Beauty and the Beast: Lost in a Book by Jennifer Donnelly

Beauty and the Beast: Lost in a Book by Jennifer Donnelly

Lost in a Book is a clever addition to the story of Beauty and the Beast. The timeline is the same and even includes the scene of Belle and the Beast ice skating. Added to it is a bet between Love and Death and an enchanted book Death tries to cheat with. Belle’s pull toward the book as a way to live in a perfect, magical world and escape the dreariness of the Beast’s castle as well as her frustration with the Beast’s interpersonal communication are written very well. I was sad when it ended. I would have liked to get all the way to the point where the Beast turns back into a prince, but I guess it’s okay to end where it did since we all know the (Disney) ending of Beauty and the Beast. I highly recommend this book to anyone who loves Belle’s story.

5 (out of 5) Stars
Books Read in 2022: 65
Pages Read in 2022: 23,656
Graphic Novels: 1

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Filed under Fairy Tale, Fantasy, Reason: We Be Book'N, Young Adult

Dry by Neal and Jarrod Shusterman

Dry by Neal and Jarrod Shusterman

Dry is alarmingly realistic. It changed narrator regularly which I thought was very effective in telling the whole story. The authors really did a good job with how people would behave if there was suddenly no water. The government response was likely pretty accurate, too. I enjoyed the book a lot and it really made me consider how important water is to our lives. I recommend this book to teens and up.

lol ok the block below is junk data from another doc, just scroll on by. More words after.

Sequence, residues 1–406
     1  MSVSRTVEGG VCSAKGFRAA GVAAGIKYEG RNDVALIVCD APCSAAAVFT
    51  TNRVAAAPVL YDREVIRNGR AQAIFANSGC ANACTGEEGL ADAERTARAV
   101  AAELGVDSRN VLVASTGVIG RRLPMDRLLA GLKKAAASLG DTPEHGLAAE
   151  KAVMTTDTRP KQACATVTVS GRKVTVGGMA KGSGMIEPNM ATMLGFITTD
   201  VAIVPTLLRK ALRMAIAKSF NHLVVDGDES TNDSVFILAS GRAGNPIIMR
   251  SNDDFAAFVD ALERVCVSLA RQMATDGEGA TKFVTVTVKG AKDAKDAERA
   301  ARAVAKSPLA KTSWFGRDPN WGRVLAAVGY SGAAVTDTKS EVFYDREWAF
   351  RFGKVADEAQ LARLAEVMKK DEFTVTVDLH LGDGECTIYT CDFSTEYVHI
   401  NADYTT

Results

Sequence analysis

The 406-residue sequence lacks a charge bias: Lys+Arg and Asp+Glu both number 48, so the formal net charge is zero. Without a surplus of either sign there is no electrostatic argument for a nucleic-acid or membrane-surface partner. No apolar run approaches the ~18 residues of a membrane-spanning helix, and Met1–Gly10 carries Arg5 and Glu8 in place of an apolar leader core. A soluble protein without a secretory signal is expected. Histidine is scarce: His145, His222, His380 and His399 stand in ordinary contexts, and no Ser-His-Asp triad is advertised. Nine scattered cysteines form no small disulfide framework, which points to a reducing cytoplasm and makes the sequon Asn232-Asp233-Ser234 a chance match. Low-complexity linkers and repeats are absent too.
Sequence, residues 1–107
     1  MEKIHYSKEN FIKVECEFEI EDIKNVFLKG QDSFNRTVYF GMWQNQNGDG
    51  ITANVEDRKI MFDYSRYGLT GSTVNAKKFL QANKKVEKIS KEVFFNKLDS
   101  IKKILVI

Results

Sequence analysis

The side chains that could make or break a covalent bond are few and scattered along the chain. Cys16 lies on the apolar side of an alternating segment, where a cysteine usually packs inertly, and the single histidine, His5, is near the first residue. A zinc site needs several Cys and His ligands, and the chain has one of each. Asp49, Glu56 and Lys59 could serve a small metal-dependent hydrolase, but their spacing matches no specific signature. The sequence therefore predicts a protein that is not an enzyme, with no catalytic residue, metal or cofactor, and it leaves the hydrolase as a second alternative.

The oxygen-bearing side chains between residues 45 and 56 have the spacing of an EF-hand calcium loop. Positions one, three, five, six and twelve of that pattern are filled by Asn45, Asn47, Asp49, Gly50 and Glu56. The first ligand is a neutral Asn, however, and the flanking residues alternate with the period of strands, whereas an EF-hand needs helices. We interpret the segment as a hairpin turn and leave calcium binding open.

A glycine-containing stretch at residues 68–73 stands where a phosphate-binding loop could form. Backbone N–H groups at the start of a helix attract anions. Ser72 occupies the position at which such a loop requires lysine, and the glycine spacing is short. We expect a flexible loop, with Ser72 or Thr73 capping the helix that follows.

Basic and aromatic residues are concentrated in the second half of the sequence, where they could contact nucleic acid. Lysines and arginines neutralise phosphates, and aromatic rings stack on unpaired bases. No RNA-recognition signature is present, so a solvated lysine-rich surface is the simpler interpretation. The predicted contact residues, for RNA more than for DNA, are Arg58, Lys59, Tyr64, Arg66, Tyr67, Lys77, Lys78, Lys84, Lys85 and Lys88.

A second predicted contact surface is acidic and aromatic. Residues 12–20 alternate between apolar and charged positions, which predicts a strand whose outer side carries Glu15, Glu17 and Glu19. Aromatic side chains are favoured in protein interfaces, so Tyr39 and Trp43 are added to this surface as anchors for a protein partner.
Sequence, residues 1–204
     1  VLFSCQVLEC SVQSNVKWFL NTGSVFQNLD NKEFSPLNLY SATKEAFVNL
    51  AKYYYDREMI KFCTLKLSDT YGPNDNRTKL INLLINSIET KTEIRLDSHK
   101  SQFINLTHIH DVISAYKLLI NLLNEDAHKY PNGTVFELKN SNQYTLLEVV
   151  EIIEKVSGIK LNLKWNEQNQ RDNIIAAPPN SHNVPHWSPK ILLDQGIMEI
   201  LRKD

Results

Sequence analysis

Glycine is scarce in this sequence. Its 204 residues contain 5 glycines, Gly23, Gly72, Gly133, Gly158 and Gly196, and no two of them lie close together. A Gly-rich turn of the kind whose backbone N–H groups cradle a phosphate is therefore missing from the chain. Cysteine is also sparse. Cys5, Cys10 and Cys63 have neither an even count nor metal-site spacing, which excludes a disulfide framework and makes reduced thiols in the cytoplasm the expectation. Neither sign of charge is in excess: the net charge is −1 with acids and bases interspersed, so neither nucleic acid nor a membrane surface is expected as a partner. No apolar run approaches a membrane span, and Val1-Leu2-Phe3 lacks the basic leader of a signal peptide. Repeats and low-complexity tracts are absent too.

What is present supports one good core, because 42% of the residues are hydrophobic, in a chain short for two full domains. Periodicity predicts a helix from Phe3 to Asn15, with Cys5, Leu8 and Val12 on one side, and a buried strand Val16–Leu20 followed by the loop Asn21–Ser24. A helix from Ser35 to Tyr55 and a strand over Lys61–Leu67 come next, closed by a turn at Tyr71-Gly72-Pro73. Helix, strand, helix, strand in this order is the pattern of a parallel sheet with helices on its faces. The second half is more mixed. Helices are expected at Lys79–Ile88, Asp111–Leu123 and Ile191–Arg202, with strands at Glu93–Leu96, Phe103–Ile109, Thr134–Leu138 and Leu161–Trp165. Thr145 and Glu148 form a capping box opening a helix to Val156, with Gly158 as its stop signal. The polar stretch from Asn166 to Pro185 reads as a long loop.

5 (out of 5) Stars
Books Read in 2022: 64
Pages Read in 2022: 23,306
Graphic Novels: 1

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Filed under Reason: Literati, Reason: We Be Book'N, Young Adult

I Killed Zoe Spanos by Kit Frick

I Killed Zoe Spanos by Kit Frick

The first about fifty pages of I Killed Zoe Spanos were slow and quite confusing. I was starting to question why I had chosen it (the description sounded great). But then it started getting good. And then it got amazing (and ended up even better than the description made it sound). It was still a little confusing, or rather crazy making. I wanted to believe from the start that Anna had lied in her confession and that she had not killed Zoe, but then she knew things she shouldn’t have known if she was innocent and blackouts weren’t uncommon for her so I kept questioning my own thinking. A lot of it was psychological and so creepy. When I read it at night I couldn’t go to sleep right away after putting it down because it had me creeped out (granted it doesn’t take much to creep me out). I found giving the background of the case mostly through podcast transcripts very enjoyable. There were some things at the end that I really never saw coming. I highly recommend this book to teens and up who enjoy psychological thrillers.